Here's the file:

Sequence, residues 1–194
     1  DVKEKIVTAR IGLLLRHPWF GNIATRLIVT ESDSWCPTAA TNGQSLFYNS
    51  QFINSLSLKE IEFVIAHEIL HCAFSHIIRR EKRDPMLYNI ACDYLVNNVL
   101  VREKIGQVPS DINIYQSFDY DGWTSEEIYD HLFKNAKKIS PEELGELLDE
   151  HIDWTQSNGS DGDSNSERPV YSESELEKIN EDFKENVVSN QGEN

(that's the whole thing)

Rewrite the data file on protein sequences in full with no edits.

Sequence, residues 1–194
     1  DVKEKIVTAR IGLLLRHPWF GNIATRLIVT ESDSWCPTAA TNGQSLFYNS
    51  QFINSLSLKE IEFVIAHEIL HCAFSHIIRR EKRDPMLYNI ACDYLVNNVL
   101  VREKIGQVPS DINIYQSFDY DGWTSEEIYD HLFKNAKKIS PEELGELLDE
   151  HIDWTQSNGS DGDSNSERPV YSESELEKIN EDFKENVVSN QGEN